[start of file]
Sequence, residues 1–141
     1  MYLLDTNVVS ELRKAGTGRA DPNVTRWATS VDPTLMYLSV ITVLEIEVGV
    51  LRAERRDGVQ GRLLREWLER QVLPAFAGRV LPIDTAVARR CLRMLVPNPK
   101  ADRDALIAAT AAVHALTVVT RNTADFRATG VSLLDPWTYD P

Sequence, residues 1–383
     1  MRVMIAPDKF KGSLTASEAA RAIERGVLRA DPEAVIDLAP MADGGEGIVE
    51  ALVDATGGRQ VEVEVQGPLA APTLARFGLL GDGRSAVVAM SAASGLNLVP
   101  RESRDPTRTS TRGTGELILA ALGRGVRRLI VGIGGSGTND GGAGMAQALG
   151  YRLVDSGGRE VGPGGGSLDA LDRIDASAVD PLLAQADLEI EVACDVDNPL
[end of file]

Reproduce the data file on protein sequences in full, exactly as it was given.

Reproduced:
Sequence, residues 1–141
     1  MYLLDTNVVS ELRKAGTGRA DPNVTRWATS VDPTLMYLSV ITVLEIEVGV
    51  LRAERRDGVQ GRLLREWLER QVLPAFAGRV LPIDTAVARR CLRMLVPNPK
   101  ADRDALIAAT AAVHALTVVT RNTADFRATG VSLLDPWTYD P

Sequence, residues 1–383
     1  MRVMIAPDKF KGSLTASEAA RAIERGVLRA DPEAVIDLAP MADGGEGIVE
    51  ALVDATGGRQ VEVEVQGPLA APTLARFGLL GDGRSAVVAM SAASGLNLVP
   101  RESRDPTRTS TRGTGELILA ALGRGVRRLI VGIGGSGTND GGAGMAQALG
   151  YRLVDSGGRE VGPGGGSLDA LDRIDASAVD PLLAQADLEI EVACDVDNPL